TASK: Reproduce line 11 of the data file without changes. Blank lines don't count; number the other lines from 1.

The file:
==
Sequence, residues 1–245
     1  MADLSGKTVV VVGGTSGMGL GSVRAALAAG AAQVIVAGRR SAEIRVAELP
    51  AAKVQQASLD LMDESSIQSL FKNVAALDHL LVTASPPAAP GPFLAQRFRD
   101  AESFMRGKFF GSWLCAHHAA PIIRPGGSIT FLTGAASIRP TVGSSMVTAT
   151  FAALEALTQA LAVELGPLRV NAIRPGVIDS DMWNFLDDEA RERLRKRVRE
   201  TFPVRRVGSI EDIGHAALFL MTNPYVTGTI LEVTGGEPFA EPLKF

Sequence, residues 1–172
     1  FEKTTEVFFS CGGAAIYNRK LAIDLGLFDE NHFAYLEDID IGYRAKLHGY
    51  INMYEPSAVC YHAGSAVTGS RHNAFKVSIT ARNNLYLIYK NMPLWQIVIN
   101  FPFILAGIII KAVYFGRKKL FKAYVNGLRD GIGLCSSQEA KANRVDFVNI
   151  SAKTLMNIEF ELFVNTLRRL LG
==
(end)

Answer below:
   151  SAKTLMNIEF ELFVNTLRRL LG